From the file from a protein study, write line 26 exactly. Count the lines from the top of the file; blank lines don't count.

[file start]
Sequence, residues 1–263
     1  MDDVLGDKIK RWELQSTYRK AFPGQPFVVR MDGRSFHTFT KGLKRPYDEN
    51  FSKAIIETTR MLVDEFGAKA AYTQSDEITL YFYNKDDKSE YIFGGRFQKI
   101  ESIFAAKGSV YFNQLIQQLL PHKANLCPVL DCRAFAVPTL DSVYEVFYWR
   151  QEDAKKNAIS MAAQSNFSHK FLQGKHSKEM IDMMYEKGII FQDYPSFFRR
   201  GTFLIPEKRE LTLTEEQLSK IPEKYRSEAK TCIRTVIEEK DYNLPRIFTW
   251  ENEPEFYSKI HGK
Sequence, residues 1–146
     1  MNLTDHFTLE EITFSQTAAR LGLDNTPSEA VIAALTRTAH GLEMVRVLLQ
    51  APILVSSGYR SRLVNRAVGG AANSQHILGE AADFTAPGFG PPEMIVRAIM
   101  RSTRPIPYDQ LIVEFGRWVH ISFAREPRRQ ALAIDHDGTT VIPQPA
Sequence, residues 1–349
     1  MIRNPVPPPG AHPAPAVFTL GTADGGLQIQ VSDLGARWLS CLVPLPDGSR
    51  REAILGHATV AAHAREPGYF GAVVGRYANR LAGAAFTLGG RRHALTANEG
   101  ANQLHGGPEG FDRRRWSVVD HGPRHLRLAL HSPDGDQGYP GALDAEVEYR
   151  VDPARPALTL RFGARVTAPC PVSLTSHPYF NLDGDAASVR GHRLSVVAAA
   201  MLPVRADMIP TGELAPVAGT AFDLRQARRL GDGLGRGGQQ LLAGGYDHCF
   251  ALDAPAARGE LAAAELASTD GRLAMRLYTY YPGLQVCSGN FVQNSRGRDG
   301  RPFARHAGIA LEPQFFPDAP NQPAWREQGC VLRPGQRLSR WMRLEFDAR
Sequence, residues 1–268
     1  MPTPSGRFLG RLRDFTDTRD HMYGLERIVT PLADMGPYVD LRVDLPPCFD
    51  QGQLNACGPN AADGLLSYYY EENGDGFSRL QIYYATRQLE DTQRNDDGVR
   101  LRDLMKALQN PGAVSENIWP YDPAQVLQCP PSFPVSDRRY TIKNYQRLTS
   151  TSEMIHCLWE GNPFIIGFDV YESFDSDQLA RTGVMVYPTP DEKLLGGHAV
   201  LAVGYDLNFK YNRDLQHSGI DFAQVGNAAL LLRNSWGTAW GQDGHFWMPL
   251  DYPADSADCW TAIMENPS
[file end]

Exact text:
   251  DYPADSADCW TAIMENPS